Germany: We Will Only Continue Aiding Iraq if It Peacefully Resolve Conflict With Kurds

The German government has provided more than $1.2 billion in humanitarian, development and stabilization aid to Iraq since 2014, making it one of the biggest international donors

Federal Iraqi security forces gather outside the Kurdish hold City of Altun Kupri, outskirts of Irbil, Iraq on October 19, 2017
Khalid Mohammed/AP

Germany on Monday said its continued support for Iraq and the semi-autonomous Kurdistan Regional Government was contingent on peaceful efforts by both sides to resolve their differences.

The German government has provided more than 1 billion euros ($1.2 billion) in humanitarian, development and stabilization aid to Iraq since 2014, making it one of the biggest international donors.

“Our support is for Iraq as a unified state,” Foreign Minister Sigmar Gabriel told reporters after meeting with KRG Prime Minister Nechirvan Barzani in Berlin.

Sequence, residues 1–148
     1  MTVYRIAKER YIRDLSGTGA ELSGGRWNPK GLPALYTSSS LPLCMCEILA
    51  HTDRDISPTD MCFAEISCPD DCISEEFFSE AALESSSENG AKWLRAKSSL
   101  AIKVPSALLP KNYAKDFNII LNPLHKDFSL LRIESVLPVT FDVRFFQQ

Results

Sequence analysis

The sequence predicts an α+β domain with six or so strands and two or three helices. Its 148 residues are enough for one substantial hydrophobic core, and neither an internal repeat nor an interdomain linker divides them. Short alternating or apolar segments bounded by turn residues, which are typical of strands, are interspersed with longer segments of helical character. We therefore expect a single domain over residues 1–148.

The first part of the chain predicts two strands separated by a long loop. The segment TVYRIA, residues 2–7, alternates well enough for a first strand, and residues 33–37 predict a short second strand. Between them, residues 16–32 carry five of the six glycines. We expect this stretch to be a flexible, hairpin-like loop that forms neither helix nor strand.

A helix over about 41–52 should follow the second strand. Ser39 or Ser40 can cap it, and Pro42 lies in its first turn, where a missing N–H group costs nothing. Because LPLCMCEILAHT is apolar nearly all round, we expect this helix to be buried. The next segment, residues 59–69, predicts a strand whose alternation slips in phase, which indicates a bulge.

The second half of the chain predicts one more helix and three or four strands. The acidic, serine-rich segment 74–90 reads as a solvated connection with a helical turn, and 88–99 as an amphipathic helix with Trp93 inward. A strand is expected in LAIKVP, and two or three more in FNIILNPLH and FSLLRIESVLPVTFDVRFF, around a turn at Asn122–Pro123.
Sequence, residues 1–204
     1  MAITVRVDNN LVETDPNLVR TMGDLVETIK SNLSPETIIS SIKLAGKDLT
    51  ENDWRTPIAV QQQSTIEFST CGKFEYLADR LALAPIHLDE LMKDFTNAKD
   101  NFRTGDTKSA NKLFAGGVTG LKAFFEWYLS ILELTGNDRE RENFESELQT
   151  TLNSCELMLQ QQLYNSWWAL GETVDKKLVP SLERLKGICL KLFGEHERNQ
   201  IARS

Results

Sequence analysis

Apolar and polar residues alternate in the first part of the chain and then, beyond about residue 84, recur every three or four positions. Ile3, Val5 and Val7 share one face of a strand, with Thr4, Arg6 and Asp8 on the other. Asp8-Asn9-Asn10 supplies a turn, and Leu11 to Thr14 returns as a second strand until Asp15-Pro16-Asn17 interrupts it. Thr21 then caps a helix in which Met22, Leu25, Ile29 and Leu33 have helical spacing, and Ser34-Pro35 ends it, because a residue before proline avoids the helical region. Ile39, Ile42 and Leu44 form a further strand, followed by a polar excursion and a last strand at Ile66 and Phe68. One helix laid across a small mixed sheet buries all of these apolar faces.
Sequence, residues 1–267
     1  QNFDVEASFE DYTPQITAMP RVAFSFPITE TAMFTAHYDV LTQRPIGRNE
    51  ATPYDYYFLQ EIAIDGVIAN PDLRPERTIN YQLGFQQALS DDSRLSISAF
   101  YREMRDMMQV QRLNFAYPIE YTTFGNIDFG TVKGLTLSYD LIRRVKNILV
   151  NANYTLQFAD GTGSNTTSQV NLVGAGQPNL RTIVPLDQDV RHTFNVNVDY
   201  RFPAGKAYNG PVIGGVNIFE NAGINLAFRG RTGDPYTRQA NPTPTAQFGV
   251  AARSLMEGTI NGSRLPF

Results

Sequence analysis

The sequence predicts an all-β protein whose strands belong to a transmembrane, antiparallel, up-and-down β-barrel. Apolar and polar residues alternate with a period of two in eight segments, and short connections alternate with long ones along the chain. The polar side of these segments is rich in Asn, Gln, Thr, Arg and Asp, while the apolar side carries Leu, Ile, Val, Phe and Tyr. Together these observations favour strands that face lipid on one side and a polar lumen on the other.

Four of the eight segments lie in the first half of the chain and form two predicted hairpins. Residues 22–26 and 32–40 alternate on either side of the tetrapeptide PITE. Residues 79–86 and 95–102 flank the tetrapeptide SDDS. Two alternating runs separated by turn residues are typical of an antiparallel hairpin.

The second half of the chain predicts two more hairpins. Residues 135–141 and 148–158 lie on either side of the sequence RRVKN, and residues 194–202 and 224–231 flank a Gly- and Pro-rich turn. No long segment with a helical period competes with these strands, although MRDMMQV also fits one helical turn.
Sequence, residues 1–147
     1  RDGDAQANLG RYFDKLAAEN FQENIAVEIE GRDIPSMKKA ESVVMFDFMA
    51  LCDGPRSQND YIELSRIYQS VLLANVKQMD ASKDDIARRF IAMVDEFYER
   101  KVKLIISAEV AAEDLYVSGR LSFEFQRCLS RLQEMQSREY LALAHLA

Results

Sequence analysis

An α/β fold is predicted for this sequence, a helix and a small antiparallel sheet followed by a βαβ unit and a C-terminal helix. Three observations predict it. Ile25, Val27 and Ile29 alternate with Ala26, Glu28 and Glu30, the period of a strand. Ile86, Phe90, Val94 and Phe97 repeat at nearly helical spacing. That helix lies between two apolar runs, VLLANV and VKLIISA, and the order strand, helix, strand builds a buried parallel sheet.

“We want to continue that, but the precondition is that Iraq solves its internal conflicts peacefully and democratically, and that we find a way out of the tense situation we are in now.”

Gabriel noted that Germany had warned the Kurdish region against holding the September 25 referendum, in which Iraqi Kurds voted overwhelmingly to break away from Iraq, and said the goal was to restore dialogue between the two sides.

The Kurdish vote was rejected by Baghdad and triggered an Iraqi military offensive that recaptured disputed areas of the north from Kurdish Peshmerga fighters.

Gabriel said Berlin would push the government in Baghdad to respond to offers of dialogue by the KRG.

Barzani urged Germany to “play a stronger role in bringing us together”.

Barzani also thanked Germany for supporting his region’s fight against Islamic State, and training Peshmerga fighters.

The German parliament voted last week to extend its military mission in northern Iraq, around 150 strong, to the end of March to allow a new government to weigh a longer extension.

But the rise in tensions between Kurds and Baghdad has raised concern in Germany about the mission’s future.

After failing to agree on a new government with two smaller parties, Chancellor Angela Merkel is now trying to rebuild the “grand coalition” with the Social Democrats (SPD) that has ruled Germany for the past four years.

It is unclear if Gabriel, a former SPD leader, would stay on as foreign minister if the two blocs reach a deal.